Nothing is known about the biology of this species.
- 1 Identification
- 2 Distribution
- 3 Biology
- 4 Castes
- 5 Nomenclature
- 6 References
- 7 References based on Global Ant Biodiversity Informatics
LaPolla (2004): Worker: 11 segmented antennae; mandible with 4 teeth, basal tooth enlarged and rectangular, apically truncated. Queen: As in worker with modifications expected for caste. Male: 12 segmented antennae; 4 mandibular teeth; parameres thin; digiti with truncated apices; cuspi meet digiti about half way along length of digiti. Compare with Acropyga butteli and Acropyga nipponensis.
This species can be recognized from other species in the butteli species-group since it only has 4 mandibular teeth as opposed to 5. The 3rd tooth from apical has a distinctive appearance that can be diagnostic; this tooth in some specimens examined looks similar in appearance to the truncated basal tooth. It seems likely that the unique shape of the 3rd tooth resulted from the fusion of 2 formerly separate teeth, but what is not clear is if A. inezae ever has 5 teeth, with the 3rd tooth being separated into 2 distinct teeth. The specimen sample available for study was small, so it cannot be completely discounted that 5 teeth may be possible. Future analysis of the butteli species-group should take the possibility of variation in teeth number into account for this species.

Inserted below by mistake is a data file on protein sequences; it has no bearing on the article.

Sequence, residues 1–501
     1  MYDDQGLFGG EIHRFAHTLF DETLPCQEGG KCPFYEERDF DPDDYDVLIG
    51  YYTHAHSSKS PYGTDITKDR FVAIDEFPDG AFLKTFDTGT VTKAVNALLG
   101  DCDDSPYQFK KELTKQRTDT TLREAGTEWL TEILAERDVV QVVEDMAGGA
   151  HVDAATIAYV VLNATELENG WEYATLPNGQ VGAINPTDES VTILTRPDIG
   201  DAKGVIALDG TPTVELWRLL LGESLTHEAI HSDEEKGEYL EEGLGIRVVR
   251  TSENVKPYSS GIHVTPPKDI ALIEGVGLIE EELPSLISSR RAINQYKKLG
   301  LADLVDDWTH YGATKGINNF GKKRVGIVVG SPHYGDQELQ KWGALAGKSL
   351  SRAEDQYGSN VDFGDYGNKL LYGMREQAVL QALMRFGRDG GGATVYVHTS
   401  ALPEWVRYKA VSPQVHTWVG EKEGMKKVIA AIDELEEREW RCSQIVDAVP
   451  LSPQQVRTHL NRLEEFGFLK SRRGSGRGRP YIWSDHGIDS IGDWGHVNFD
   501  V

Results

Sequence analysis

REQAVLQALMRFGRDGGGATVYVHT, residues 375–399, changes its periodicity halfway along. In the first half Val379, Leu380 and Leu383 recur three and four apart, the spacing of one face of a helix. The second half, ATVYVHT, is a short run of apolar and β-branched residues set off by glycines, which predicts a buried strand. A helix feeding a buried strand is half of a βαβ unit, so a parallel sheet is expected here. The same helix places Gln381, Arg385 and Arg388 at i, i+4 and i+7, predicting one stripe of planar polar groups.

Keys including this Species
Distribution based on Regional Taxon Lists
Known only from Sumatra and Borneo.
Distribution based on AntMaps
Distribution based on AntWeb specimens
Check data from AntWeb
Little is known about Acropyga inezae. Until further studies reveal more about this species we can infer that its natural history and biology should be similar to other Acropyga. LaPolla published a worldwide revision of the Acropyga in 2004 and the following synopsis is based on this excellent treatment of the genus.